Those familiar with Superchunk likely admire the two-decade old band for being survivors and not “selling out” by caving in to pressure and signing with one of the many major labels courting them in the early ’90s. Others might agree, but would add that Superchunk were (and continue to be) really fucking business savvy. It doesn’t take a genius to know that virtually all industry-touted “next big things” are chewed up and spat out as soon as whatever trend they belong to fizzles. But who would have guessed in the early ’90s that major labels would soon be brought to their knees by peer-to-peer file sharing? Admittedly, they still have a lot of power in terms of sales — but only with certain genres. According to Billboard, there was not a single rock record in the top-selling 25 albums of 2010.
A decade-and-a-half prior, the North Carolina quartet ignored the Siren call of the majors and released their fourth full-length on their own label, Merge Records. While likely stressful in and of itself, the romantic breakup of frontman Mac McCaughan and bassist Laura Balance couldn’t have helped. No matter. Foolish was something of a masterpiece for the band.
Relationship woes are stamped throughout the lyrics but never veer into self-pitying, thanks to the earnest-sounding, gee-whiz vocals of McCaughan. The melodic chords and swirling guitars also add brightness to the somber mood. For example, it’s difficult to grasp the full effect of the repeated line “You can’t pretend to not know how that hurts” in the catchy chorus of “Without Blinking” on first listen. The energetic “Why Do You Have to Put a Date on Everything” begins with “You used to cut me up inside/ I won’t let you do it again” in the first few lines.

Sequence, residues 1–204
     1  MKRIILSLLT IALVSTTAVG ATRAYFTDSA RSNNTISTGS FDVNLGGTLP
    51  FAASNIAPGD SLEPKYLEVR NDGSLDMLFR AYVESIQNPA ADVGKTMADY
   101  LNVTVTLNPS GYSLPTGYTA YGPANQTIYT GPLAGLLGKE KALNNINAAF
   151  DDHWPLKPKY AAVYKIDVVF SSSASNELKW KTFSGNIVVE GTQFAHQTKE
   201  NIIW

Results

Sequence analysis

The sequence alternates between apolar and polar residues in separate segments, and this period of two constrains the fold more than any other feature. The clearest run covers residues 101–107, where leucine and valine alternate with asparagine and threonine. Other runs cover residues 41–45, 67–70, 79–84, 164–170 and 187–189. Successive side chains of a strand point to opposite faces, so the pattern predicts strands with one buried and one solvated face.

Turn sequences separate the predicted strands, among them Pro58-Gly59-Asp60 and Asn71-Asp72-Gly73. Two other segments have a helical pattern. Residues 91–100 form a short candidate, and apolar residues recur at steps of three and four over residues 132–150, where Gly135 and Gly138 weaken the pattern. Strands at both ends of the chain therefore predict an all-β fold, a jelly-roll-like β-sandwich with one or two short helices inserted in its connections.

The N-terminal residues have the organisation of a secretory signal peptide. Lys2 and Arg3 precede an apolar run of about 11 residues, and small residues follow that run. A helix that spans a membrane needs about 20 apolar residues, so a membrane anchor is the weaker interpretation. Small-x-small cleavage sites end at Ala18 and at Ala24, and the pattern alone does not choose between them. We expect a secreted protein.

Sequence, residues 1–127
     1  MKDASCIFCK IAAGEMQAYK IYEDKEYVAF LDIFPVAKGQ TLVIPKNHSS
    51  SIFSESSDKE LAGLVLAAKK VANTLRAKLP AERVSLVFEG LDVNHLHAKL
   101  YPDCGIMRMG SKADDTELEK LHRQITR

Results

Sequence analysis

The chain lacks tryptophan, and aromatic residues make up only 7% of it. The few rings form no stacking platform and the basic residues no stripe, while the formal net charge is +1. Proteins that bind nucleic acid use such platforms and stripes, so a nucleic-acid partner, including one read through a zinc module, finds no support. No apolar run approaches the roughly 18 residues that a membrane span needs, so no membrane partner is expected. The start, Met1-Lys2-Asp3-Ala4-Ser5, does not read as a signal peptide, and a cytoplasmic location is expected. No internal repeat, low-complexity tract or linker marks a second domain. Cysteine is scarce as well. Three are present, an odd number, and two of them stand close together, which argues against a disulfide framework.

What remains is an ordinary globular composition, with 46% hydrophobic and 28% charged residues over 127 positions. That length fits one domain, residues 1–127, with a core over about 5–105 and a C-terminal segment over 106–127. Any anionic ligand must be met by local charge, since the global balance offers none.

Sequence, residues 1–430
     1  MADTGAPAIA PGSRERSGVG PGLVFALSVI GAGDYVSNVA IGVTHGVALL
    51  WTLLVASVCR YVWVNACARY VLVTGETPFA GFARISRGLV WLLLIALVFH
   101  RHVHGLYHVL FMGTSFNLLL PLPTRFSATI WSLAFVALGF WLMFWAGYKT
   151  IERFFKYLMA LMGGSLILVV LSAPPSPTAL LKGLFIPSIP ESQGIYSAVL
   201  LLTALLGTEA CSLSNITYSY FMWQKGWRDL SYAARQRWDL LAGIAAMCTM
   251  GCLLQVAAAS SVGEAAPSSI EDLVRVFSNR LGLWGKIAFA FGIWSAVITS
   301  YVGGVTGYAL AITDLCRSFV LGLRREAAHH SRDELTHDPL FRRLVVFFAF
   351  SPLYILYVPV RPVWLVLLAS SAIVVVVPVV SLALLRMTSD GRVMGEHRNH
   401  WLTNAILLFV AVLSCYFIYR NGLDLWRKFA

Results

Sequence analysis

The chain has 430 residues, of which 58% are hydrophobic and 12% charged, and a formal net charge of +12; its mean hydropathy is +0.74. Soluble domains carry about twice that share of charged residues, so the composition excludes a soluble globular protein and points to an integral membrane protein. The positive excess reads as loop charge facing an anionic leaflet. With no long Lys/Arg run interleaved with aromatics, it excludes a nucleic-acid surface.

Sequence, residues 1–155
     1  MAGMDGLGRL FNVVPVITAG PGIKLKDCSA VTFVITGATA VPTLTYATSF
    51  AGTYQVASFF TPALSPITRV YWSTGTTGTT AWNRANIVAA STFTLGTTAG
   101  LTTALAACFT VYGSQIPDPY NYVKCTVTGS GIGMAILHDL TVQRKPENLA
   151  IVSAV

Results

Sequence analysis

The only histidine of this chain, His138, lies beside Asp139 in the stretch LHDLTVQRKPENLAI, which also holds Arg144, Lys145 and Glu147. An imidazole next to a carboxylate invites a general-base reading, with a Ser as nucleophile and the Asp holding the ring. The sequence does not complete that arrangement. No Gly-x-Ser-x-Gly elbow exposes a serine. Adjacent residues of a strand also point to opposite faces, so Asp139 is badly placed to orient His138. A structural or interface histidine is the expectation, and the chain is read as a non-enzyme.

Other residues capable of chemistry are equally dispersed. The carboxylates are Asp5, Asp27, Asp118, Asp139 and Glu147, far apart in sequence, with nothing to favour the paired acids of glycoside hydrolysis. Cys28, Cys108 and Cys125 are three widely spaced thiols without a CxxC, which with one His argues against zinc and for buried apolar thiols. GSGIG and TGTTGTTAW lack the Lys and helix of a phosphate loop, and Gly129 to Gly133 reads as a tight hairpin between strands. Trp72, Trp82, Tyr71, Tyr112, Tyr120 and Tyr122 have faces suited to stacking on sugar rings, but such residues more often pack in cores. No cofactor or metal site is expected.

From a strictly marketing standpoint, Superchunk’s decision to remaster and reissue Foolish 17 years after its debut is a little puzzling for a few reasons, not the least of which is that Merge is one of the few thriving indie labels that features an enviable roster. Major labels typically re-release certain albums during noteworthy anniversaries, like the recent 20th anniversary reissue of Nirvana’s Nevermind. Labels usually include extra goodies and slick remasters to entice listeners to purchase an album they likely already have. Superchunk does the same with the CD and LP versions of Foolish. The less expensive MP3 and FLAC editions only feature the main 12 songs. Perhaps Superchunk wanted to expose the fantastic Foolish to those not old enough to enjoy it during its initial release.
Or the band is really fucking business savvy.